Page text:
“Mossel Bay? No thanks, not for me,” used
to be my reaction to this seaside industrial-looking town on the N2, halfway
between Cape Town and Port Elizabeth.
Set so far on the tippy end of the Garden
Route and regularly unmentioned that one might think it has been put in the
naughty corner since the beginning of time. From the outside, regardless of the
season, I always picked up the presumptive smell of December traffic as hordes
pull in for their annual Vitamin D and sea; busy, loud and too much.
I shook my
head every time I got news of another acquaintance or family member taking the
leap of retirement to Mossel Bay, or the surrounding areas of Hartenbos and
even Groot Break. Maybe I could understand finding peace and quiet after a few
decades on earth in smaller areas like Reebok or Tergniet, but the rest
smelling like sunscreen and holiday doof-doof music? No way. No thank you.
Goodbye. What did they see in these places?
Well in a nut – err – seashell, turns out
they saw everything.
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It took less than a day of exploring to
realise it is time to swallow my pride and preconceived assumptions and admit
that a few quick visits in the past – over the peak period – could not justify my
“no, thanks not for me”.
As I made my way through the town, and
especially the surrounding places from Albertinia to Ruitersbos, I got served
with a jelly bean variety of layers and flavours from the area; a pinch of
history, a scoop of nature, a dash of adventure, a few plates of good wholesome
food, a cup of they-know-their-stuff coffee and a dollop of surprises. The more
I explored, the more layers and flavours unfolded before my eyes and seeped
into my to do list for the next visit and Mossel Bay became the Pinterest
postcard epitome for Marcel Proust’s quote, “The real voyage of discovery
consists not in seeking new landscapes, but in having new eyes.”
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for everyone: WATCH: Mossel Bay has more
It is no lie, Mossel Bay really has more.
When you talk about Mossel Bay and take into account that seaside villages and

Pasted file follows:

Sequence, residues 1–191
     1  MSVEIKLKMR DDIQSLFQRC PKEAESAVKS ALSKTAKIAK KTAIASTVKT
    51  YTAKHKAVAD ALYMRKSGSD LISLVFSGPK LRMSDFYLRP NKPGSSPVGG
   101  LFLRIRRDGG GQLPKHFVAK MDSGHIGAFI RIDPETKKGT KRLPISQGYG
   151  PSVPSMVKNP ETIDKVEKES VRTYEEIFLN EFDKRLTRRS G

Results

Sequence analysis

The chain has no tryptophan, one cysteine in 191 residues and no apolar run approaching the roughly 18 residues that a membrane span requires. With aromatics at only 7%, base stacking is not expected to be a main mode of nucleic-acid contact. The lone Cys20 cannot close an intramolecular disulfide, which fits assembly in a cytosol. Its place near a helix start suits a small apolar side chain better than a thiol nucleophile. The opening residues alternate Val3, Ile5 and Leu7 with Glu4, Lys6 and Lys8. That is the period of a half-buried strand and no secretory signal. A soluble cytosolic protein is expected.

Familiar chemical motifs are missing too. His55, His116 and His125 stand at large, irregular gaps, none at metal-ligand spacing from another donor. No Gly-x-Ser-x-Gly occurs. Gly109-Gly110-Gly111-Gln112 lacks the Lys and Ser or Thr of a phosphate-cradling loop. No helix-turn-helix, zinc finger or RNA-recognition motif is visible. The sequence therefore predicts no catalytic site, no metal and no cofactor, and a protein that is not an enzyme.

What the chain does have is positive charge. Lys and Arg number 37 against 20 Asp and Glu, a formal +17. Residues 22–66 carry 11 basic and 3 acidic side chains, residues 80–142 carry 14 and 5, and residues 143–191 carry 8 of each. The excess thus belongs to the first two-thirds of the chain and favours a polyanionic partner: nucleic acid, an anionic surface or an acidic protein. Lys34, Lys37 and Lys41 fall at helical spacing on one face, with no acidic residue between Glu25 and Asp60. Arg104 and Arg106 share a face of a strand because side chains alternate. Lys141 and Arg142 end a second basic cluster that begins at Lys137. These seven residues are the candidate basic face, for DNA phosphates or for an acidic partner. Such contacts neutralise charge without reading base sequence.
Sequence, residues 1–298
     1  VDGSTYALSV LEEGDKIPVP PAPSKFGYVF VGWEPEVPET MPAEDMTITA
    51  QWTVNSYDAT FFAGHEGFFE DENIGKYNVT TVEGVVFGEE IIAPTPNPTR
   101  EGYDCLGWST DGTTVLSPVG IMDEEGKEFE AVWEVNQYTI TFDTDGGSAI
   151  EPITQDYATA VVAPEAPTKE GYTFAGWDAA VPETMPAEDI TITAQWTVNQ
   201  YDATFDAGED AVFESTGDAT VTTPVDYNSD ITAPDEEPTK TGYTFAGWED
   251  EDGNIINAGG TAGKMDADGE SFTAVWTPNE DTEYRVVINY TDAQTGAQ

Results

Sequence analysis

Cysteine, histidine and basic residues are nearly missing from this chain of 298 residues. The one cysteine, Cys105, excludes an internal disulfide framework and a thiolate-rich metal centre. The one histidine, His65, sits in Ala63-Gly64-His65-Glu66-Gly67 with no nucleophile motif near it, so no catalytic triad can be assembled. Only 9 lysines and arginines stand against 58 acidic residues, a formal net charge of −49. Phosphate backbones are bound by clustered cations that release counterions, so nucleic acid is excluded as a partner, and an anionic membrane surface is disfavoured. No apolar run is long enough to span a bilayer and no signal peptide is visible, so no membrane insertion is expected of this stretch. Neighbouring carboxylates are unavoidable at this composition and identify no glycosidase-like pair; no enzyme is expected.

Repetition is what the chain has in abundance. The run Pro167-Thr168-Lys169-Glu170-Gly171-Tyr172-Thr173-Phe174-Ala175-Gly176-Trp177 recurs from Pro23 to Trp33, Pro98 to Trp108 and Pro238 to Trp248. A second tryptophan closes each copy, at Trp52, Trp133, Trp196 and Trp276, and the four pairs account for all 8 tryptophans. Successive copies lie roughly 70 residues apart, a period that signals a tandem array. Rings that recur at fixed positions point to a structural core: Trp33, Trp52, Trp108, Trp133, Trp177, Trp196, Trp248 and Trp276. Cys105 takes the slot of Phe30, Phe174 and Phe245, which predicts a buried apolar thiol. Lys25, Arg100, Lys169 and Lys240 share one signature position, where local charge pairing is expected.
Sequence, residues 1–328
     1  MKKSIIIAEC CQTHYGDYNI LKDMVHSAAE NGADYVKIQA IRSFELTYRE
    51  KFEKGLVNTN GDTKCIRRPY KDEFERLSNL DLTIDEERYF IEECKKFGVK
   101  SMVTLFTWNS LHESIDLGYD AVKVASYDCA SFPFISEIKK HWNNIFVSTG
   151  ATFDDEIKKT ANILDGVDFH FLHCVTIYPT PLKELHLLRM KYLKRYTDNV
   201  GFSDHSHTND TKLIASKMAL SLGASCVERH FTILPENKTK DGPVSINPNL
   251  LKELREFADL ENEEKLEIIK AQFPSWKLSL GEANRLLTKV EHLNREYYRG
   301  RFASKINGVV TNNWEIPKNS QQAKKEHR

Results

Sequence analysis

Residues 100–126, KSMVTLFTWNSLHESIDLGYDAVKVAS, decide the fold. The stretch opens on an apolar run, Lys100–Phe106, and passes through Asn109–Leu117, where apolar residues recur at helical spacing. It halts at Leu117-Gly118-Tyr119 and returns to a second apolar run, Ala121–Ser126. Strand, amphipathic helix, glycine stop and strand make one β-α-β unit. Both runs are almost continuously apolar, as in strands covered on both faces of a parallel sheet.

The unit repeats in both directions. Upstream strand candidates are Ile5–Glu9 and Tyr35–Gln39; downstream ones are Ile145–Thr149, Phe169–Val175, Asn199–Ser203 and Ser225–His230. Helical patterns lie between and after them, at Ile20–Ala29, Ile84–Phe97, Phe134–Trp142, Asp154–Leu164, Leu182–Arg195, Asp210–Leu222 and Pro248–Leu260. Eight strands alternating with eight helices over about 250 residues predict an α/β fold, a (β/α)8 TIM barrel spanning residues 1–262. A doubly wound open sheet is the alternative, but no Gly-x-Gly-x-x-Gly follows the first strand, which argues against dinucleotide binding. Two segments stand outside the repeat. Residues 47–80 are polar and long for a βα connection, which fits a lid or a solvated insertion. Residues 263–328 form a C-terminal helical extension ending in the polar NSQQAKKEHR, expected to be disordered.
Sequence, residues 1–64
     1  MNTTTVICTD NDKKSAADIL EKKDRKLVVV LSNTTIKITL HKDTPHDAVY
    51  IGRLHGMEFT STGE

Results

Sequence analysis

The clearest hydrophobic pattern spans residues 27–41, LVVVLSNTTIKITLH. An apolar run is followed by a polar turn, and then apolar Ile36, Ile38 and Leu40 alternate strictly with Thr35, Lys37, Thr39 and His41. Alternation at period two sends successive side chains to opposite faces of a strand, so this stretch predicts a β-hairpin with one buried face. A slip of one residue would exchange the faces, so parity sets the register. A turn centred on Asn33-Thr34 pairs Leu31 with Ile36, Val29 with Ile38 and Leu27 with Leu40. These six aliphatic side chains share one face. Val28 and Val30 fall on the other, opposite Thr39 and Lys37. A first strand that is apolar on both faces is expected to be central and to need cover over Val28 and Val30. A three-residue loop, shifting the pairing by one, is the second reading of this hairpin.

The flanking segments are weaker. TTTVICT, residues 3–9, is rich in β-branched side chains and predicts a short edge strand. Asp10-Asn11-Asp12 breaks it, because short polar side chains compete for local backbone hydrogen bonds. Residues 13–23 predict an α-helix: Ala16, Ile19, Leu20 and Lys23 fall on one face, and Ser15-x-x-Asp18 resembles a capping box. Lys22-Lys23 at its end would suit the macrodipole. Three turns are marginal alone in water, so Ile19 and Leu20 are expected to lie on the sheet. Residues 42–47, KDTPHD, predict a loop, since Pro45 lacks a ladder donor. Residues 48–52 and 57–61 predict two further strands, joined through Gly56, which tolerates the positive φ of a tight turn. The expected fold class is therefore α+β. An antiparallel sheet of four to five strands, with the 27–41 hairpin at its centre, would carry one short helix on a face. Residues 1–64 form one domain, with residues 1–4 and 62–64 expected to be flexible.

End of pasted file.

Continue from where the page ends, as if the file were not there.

tiny dot towns like Herbertsdale, Friemersheim, Vleesbaai, Boggomsbaai,
Ruitersbos and Tergniet all for under the Mossel Bay municipality, a myriad of
experiences awaits; Mossel Bay is your oyster.
for the wildlife seekers:
Botlierskop Private Game
Reserve, on the foothills of the magnificent Outeniqua Mountains, is all about
luxury and home to lions, elephants, hippos as well as other game.
is open to day visitors and as a day visitor you can go on a 3 hour guided game
drive, a horse safari, a guided bush trail on foot, sit down for a meal and
relax in the Botlierskop Bush Spa.
For the Birdwatchers, reach for your
binoculars when visiting estuaries from the Blinde River at Dana Bay to Great
for the mountain bikers:
Pack your bicycles and
keep those wheels pumped, not only is Mossel Bay perfect to be explored on two
wheels, there are trails – from technical to family-friendly - at Eight Bells
Mountain Inn and Bonniedale Holiday Farm and you can ride through the vineyards
at Jakkalsvlei Private Cellar.
You can also go on a phat bike adventure on the
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for the backroad explorers:
Take the back road and
see where you end up. From Groot Brak head out towards Friemersheim and explore
what is called the Fragrance Route which, amongst others, includes a visit to a
protea farm and a Shweshwe Stop Project where you can purchase many shweshwe
pieces like the famous PROEbag, aprons and oven gloves made by women in the
Another backroad drive to take is from Botlierskop to Ruiterbos via a
dirt road and back to Mossel Bay via the R328; during this drive, apart from
the scenery, you can visit Outeniqua Moon, home to the biggest horses (Heavy
Draft Percheron Studs) in South Africa, Boerqi Bistro Farm Stall, a bonsai
nursery and Robinson Pass. The area of Herbertsdale (where Jakkalsvlei is
situated) and Albertinia also has lots of dirt roads for eager explorers.
for the off-road bundu bashers:
Farm is situated in Attaquaskloof (between Mossel Bay and Oudtshoorn) and forms
part of the historic ox wagon trail traversing from Heidelberg to De Vlugd
through multiple passes and nail-biting twists and turns; it takes 4 days to
complete in a 4x4, however, there are diversions if you want to do it in a 4x2